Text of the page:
Spring is officially here, and the green tips of the daffodils aren’t the only new things about the landscape. The beaches have some new arrivals as well.
NRD has spent the past few weeks preparing for the start of shorebird season on April 1. That means a lot of long walks on the beach as we assess the beach habitat for suitability. Our plovers and oystercatchers prefer to nest in the same areas year after year, but the natural erosion and accretion of beaches means that habitat may change throughout the season. An area that was previously good habitat may not look all that good to a plover after it’s been battered by wind and waves over the winter. Understanding what our habitat looks like helps predict where we may see birds turn up for the upcoming season.
It also means the return of symbolic shorebird fencing. Many of us are familiar by now with the posts and string that seem to appear on beaches overnight. These fenced areas are critical for ensuring the survival of our endangered birds. Plovers and their eggs are flawlessly camouflaged to blend perfectly with the sandy pebbly shoreline, which works very well to keep a hungry seagull from spotting the nest, but also makes them practically invisible to beachgoers. Fencing prevents the eggs from being crushed and also allows a buffer so that the adult birds can have some space to themselves and avoid being stressed by constant human presence. We’ve spent the final week of March on beaches all across the island to make sure these fences are installed in time for the birds’ arrival.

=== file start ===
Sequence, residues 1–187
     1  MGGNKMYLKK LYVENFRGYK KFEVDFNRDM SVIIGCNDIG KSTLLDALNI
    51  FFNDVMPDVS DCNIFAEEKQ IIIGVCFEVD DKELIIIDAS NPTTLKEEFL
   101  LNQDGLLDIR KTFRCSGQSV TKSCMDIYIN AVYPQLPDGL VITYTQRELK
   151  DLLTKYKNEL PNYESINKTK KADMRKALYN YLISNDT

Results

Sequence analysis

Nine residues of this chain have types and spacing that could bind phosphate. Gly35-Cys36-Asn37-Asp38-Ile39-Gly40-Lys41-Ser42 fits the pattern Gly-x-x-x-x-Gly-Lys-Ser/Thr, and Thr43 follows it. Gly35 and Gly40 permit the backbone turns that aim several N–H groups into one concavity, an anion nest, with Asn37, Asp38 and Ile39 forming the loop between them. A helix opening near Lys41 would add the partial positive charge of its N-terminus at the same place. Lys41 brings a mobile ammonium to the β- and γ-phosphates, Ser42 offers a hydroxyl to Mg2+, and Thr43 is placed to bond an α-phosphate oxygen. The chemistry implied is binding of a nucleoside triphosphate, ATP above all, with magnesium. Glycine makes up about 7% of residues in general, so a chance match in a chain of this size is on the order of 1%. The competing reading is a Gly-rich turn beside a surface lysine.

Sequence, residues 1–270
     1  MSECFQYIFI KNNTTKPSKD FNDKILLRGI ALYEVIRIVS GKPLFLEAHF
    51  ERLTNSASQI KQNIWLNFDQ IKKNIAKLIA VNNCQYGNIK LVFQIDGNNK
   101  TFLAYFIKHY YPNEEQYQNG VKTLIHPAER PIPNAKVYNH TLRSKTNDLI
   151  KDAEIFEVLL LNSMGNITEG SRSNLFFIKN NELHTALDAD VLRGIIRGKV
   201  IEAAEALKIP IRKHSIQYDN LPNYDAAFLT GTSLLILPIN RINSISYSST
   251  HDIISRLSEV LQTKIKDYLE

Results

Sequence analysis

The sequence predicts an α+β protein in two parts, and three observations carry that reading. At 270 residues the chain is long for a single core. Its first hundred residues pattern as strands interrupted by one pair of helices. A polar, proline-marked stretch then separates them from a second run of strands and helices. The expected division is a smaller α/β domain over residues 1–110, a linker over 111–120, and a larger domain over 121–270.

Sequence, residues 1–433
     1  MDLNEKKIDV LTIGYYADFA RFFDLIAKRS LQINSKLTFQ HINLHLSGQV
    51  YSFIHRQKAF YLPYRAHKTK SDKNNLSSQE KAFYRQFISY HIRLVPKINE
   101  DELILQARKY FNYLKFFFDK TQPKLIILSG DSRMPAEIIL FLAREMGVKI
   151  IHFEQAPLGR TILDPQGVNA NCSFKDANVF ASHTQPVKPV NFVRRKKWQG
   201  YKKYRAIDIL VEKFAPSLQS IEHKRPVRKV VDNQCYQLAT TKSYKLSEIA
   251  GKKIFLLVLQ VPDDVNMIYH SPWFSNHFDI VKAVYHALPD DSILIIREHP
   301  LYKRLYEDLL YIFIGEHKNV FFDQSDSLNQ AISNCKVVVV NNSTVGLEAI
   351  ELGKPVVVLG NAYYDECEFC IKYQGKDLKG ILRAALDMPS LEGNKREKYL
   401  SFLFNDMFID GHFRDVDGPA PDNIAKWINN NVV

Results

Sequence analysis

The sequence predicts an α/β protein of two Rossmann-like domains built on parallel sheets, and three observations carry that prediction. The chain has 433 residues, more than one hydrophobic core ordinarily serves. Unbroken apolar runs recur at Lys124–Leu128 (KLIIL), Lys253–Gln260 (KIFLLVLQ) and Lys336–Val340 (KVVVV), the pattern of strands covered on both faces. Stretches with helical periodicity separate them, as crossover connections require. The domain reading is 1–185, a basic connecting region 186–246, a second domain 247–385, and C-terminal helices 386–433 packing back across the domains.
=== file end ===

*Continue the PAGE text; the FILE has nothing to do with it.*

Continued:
Sustainability Programs Manager Vince Murphy and Conservation Agent Will Dell’Erba carrying posts to a remote fencing location.
Conservation Agent Will Dell'Erba and Coastal Resources Technician Morgan Sayle recover during lunch